Parties that could be liable in a truck accident will depend on whom the driver works for, who owns the truck involved in the collision, the relationship between the driver and the trucking company and whether the trucker was driving with a loaded trailer, empty trailer or no trailer at all.
If the commercial truck was transporting cargo during the time of the accident, then more parties become involved in the case. These parties include cargo shippers, loaders, freight forwarders or consignees that could be liable if the collision was caused by the cargo in any way.
If the accident was a result of an improperly maintained truck, then any maintenance or repair companies involved could also share liability for the accident.
Why Insurance and Trucking Companies Defend Claims Aggressively
Trucking companies carry larger amounts of insurance coverage than typical drivers. Sometimes, this could be hundreds of thousands of dollars or even millions of dollars more. With the catastrophic injuries involved and the amount of money at stake, truck insurance companies will aggressively defend claims, sparing no expense in the process.
The company that owns the commercial truck involved in an accident will also be defensive. Since trucking companies can be large with access to financial and legal resources, it can be easy for them to get the upper hand in a truck accident injury settlement or court case.
Both the insurance company and the trucking company have a lot to lose, so it is important for victims of trucking accidents to remember to never accept the first offer. The goal of the trucking company and its insurance carrier is to settle the case by paying out the smallest amount possible. By accepting the first offer, you may be forgoing your right to full compensation.
How Do I Make a Truck Accident Injury Claim?
Victims involved in a truck accident should hire an experienced trucking attorney, who will obtain the following pieces of evidence after calling the police and medical assistance:
- Driver Evidence: In addition to the name of the driver and their insurance information, obtaining information like the driver’s qualifications file, training file, hours of service documentation, inspection records, list of driving violations and post-collision drug and alcohol screening results is vital in pursuing a truck crash case. A qualified truck collision lawyer will be able to assess your situation and request other forms of driver evidence that may aid in your case.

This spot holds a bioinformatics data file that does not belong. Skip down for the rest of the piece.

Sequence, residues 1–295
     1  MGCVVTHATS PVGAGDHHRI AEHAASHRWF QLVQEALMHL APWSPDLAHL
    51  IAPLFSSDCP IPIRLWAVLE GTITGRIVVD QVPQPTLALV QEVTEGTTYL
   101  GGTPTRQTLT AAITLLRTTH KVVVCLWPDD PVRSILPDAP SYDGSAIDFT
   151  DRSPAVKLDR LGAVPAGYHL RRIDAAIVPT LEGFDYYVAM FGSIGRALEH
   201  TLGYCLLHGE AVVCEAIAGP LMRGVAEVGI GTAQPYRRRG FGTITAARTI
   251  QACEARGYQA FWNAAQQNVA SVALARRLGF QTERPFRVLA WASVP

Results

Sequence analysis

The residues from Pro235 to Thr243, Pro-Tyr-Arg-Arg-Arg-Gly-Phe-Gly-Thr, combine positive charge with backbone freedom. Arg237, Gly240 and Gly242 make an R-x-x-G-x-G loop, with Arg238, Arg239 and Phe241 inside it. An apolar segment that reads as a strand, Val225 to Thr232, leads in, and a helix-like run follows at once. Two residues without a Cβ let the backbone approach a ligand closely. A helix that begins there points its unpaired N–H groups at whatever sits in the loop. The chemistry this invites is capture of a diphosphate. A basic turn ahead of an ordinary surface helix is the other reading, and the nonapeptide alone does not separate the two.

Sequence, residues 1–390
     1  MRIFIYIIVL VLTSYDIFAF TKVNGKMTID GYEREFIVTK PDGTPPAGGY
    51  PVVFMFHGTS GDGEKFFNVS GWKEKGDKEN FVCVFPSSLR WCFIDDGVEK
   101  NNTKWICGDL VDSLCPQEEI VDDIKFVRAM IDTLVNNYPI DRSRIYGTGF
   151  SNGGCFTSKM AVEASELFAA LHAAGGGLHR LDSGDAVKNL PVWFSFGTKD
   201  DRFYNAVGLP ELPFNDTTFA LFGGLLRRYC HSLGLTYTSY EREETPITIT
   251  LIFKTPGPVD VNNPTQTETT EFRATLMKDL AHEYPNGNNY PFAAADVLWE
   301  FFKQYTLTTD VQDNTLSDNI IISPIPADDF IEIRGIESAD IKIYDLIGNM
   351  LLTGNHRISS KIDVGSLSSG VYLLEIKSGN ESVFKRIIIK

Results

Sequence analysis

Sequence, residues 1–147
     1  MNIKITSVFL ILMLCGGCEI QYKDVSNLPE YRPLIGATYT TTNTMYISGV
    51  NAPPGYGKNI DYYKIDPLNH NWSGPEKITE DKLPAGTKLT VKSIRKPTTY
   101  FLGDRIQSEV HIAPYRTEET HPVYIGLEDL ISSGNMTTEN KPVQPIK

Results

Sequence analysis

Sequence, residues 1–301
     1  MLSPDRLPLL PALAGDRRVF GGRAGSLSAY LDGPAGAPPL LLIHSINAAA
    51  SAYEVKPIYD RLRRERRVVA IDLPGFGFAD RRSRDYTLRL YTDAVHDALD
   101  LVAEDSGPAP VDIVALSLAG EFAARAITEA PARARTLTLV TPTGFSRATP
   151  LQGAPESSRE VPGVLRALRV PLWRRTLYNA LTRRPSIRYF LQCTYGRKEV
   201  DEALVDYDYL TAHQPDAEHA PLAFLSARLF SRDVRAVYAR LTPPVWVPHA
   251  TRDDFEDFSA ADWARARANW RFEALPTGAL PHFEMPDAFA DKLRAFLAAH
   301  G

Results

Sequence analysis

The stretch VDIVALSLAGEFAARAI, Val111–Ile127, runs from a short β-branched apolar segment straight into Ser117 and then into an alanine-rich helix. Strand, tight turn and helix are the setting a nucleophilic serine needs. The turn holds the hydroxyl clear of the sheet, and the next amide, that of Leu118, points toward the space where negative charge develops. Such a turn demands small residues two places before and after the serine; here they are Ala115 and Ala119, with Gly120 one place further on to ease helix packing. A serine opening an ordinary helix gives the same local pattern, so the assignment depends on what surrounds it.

- Vehicle Evidence: As well as photos of the collision, scene, and of all the vehicles involved in the accident, it is recommended to try obtaining truck maintenance history, truck inspection history and any pertinent data from the truck’s GPS tracking systems.
- Truck Cargo Evidence: This includes information like weight tickets, dispatch instructions and delivery documents.
- Injury Evidence: Photos of your injuries and documentation of healthcare provider instructions for your injuries.
- Witness Evidence: The names and contact information of any witnesses. You should also take note of any DOT or surveillance cameras that may have supporting footage.
Matthews Injury Law Specializes in Florida Truck Accident Cases
Truck accidents can often be catastrophic, resulting in serious injury or wrongful death. Matthews Injury Law has a team of experienced truck accident lawyers who are ready to help you through this difficult time. Our lawyers have taken truck crash cases to trial for injured plaintiffs, and for defendant trucking companies and drivers. You should know if your attorney is experienced in handling truck crash cases through trial – because the trucking company certainly will.
If you or a loved one has been involved in a truck collision in Tampa, Sarasota or another area in Florida, Matthews Injury Law can help you get the settlement you deserve. To request a free consultation, reach out to us today.
*The information on this page was either written or reviewed for accuracy by attorney Marc Matthews. Marc is a managing partner at Matthews Injury Law and has won seven- and eight-figure verdicts and settlements for truck accident victims in Florida. He has handled trucking cases throughout the State and the Nation.